10 unique robotically fabricated structures

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From the dawn of human civilization, we have continuously strived to push the boundaries of architecture and construction. With the advent of cutting-edge technology, a new era has emerged, bringing forth the symbiotic relationship between robotics and the AEC industry; in a rapidly evolving world, where the lines between imagination and reality blur, a silent revolution is underway. This uprising can potentially revolutionize the very fabric of how we conceive, shape, and engage with the spaces we call home.

With urban expansion and a growing global population, the construction sector needs a new outlook, moving away from traditional methods and embracing the limitless potential of robotic construction techniques. Traditional construction practices, with their inherent limitations, struggle to keep pace with the demands of our modern world. The need for change has become more apparent than ever before.

Robotic techniques have emerged as a beacon of hope in the construction industry, heralding a new era of inventive approaches and perspectives. These advanced machines, driven by new technology and propelled by artificial intelligence, are redefining the limits of what can be achieved.

Benefits of Using Robotics in the AEC Industry

© Global Robots

The integration of robots in the construction industry brings forth a multitude of benefits that surpass traditional methods. Firstly, robots excel in repetitive and laborious tasks, allowing for faster construction timelines and enhanced productivity. They are capable of working tirelessly, without fatigue, resulting in increased efficiency and cost savings. Moreover, robots offer unrivaled precision, ensuring accurate measurements and minimizing errors that can lead to costly rework. By automating certain processes, human workers can focus on more complex and creative tasks, fostering innovation and pushing the boundaries of design.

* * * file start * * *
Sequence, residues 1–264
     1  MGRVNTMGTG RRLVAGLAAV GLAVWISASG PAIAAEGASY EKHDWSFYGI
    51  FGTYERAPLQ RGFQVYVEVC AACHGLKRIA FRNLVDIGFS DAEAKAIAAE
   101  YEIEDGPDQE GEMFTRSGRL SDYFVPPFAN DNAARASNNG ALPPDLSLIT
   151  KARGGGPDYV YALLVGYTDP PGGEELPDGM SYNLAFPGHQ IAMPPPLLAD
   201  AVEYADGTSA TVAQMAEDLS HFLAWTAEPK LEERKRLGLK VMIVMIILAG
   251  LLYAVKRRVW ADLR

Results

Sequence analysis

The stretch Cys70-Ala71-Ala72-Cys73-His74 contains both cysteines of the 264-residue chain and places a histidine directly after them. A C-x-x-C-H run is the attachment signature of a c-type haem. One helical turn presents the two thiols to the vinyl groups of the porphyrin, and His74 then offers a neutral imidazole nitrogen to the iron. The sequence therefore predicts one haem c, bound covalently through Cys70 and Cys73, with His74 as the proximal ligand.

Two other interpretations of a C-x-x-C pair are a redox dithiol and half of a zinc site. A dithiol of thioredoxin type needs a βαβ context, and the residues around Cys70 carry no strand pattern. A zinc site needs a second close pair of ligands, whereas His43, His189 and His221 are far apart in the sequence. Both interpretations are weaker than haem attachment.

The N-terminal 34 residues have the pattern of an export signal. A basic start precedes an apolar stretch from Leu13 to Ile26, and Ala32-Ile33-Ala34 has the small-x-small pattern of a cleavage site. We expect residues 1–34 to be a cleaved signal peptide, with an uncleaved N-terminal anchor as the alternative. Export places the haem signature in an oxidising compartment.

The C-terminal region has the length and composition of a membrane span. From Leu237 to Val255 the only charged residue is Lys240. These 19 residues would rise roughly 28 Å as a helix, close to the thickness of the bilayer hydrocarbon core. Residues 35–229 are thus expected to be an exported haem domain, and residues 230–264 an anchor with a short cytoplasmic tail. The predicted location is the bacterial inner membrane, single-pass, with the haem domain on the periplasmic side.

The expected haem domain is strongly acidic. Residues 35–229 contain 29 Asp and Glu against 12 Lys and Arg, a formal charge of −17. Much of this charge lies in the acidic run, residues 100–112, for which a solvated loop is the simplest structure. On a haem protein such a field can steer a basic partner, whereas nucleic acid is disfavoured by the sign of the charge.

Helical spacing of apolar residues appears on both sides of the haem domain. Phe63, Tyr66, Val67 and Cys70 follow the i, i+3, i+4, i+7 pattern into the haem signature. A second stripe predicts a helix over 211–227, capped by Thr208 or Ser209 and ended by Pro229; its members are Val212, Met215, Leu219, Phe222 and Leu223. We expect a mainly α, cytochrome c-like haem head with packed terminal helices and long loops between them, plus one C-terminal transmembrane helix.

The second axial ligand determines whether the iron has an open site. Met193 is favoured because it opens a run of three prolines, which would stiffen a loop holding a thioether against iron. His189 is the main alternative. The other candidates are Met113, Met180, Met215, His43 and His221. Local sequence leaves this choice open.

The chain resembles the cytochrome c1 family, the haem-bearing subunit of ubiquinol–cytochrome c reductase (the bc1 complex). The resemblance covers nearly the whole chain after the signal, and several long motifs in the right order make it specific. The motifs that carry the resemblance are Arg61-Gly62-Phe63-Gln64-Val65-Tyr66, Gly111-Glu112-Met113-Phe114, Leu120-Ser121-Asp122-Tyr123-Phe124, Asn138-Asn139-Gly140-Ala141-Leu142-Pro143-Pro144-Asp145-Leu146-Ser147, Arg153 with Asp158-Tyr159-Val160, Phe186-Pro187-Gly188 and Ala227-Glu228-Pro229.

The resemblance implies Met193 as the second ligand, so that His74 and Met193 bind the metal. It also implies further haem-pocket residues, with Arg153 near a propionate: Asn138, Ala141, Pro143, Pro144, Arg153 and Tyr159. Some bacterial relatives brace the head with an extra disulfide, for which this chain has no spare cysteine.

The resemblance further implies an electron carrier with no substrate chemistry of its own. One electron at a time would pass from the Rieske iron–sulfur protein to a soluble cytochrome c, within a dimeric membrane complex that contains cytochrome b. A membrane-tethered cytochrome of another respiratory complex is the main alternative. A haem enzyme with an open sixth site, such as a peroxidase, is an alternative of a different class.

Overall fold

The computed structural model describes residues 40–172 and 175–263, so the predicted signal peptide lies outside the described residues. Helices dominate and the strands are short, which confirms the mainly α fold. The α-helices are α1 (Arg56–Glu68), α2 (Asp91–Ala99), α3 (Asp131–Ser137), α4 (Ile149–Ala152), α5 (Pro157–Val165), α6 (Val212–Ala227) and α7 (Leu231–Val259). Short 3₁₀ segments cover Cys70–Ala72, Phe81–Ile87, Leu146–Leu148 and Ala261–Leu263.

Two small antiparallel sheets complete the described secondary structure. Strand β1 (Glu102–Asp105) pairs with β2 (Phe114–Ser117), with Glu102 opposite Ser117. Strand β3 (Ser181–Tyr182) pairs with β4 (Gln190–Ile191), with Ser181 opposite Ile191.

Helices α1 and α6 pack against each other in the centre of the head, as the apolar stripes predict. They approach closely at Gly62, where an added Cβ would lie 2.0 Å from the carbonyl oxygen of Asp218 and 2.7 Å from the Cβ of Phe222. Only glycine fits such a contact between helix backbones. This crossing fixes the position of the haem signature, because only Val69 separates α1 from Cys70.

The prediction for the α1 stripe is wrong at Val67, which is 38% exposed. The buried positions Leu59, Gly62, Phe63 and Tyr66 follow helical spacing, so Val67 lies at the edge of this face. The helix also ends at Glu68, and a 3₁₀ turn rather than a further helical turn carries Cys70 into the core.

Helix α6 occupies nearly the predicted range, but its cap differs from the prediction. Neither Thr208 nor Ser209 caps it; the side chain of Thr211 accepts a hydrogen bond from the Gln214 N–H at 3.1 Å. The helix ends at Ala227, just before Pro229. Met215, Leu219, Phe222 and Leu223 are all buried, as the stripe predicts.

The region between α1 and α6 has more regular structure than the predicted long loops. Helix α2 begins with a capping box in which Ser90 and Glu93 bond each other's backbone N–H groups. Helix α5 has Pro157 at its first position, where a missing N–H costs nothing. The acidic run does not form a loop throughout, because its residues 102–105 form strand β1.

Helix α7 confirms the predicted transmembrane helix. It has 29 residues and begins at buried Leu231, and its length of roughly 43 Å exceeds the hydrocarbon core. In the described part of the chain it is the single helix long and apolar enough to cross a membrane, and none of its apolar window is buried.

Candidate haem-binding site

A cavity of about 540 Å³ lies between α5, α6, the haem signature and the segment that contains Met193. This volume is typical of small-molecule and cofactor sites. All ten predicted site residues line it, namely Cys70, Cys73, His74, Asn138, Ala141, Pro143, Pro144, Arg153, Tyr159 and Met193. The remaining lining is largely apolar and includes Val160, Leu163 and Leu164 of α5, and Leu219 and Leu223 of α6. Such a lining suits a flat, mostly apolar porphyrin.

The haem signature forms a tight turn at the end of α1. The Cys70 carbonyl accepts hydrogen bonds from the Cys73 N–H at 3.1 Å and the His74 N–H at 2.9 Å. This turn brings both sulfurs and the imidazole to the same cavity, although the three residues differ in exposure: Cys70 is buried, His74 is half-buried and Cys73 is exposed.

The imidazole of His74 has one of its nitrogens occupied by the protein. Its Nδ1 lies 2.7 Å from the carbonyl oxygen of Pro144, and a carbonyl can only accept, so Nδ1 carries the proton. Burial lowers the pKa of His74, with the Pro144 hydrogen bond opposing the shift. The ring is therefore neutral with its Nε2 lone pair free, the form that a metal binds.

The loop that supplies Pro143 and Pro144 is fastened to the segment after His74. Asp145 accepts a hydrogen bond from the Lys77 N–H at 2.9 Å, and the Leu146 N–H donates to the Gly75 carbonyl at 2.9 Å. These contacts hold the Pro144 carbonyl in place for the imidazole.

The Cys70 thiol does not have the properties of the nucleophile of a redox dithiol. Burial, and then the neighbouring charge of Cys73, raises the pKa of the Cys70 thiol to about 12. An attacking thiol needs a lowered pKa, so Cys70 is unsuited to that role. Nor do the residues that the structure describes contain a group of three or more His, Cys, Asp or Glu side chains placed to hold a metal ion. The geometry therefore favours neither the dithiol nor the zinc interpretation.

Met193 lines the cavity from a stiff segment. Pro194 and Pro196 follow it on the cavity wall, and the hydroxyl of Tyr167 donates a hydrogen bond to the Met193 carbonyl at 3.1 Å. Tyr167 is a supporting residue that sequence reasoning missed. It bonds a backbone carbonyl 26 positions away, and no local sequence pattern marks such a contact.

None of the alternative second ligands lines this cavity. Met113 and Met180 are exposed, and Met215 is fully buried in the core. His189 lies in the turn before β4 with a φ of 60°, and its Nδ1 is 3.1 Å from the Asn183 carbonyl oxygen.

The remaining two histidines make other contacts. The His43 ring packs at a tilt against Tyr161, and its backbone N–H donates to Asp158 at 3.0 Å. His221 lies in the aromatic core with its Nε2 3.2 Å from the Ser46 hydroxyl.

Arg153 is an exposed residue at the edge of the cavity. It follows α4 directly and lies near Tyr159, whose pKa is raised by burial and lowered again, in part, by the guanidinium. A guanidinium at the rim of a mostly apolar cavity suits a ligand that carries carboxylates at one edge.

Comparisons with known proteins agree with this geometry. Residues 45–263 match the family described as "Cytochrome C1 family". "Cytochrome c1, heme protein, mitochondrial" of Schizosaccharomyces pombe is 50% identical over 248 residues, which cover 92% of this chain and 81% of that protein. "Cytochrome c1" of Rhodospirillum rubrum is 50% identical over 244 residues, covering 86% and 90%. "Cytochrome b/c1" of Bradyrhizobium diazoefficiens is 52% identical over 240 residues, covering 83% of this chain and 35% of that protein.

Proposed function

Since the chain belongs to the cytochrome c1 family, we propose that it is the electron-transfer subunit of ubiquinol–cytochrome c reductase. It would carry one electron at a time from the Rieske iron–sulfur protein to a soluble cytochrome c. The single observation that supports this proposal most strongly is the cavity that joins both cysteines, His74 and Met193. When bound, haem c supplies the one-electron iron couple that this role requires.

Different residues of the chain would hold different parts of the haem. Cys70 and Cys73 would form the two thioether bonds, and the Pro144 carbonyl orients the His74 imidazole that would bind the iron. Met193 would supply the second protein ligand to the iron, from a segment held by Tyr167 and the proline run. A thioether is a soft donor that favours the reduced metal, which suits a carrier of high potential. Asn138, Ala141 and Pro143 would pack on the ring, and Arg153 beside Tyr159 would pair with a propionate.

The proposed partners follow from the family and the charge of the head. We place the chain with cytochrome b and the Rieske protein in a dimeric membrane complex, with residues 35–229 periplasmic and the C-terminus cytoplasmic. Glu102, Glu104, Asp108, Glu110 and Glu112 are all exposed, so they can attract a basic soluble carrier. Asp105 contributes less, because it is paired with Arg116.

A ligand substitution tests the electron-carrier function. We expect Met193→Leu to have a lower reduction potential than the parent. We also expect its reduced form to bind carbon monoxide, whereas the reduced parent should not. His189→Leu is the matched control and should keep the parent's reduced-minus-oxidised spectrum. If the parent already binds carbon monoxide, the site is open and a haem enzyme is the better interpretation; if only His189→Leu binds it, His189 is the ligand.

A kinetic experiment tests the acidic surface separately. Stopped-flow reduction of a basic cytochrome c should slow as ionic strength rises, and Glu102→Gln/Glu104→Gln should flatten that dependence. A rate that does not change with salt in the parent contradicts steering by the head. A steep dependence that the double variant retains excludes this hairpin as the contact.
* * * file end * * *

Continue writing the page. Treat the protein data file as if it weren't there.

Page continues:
Let’s explore 10 such remarkable buildings that stand as a testament to the capabilities of robotic construction techniques.

1. ICD/ITKE Research Pavilion

© Courtesy of ICD-ITKE

Designer: ICD/ITKE University of Stuttgart
Year: 2013-2014

Developed by the Institute for Computational Design (ICD) and the Institute of Building Structures and Structural Design (ITKE), the ICD/ITKE Research Pavilion 2013-14 showcases a robotically woven pavilion project conceptualized based on the lightweight shell of a beetle. Collaborating closely with biologists and paleontologists, they identified the geometric morphology and mechanical properties required for the double-layered system, which was then translated into glass and carbon-fiber-reinforced polymers.

Spanning an area of 50 square meters, the structure boasts a double-domed design featuring web-like walls and ceilings, weighing just 593 kilograms. The project employed a robotic winding method, where robots wound the fibrous modules around custom-made steel frames, infused with resin for added strength.

2. SkilledIn Office

© Courtesy of Studio RAP

Designer: RAP Studio
Year: 2015

Studio RAP’s SkilledIn Office in Rotterdam is the first robotically fabricated building in the Netherlands. It stands as a multifunctional space, serving as both an office and a training area for aspiring tech students and ambitious entrepreneurs.

Using a large robot and RhinoVAULT- a plugin for the 3D modeling program Rhino, the team constructed a wooden structural system with 225 unique panels that support a compression-only roof using a central column and surrounded by glass walls. It boasts a compact yet dynamic design, covering an area of 130 square meters, and accommodating an office, presentation space, and a training center.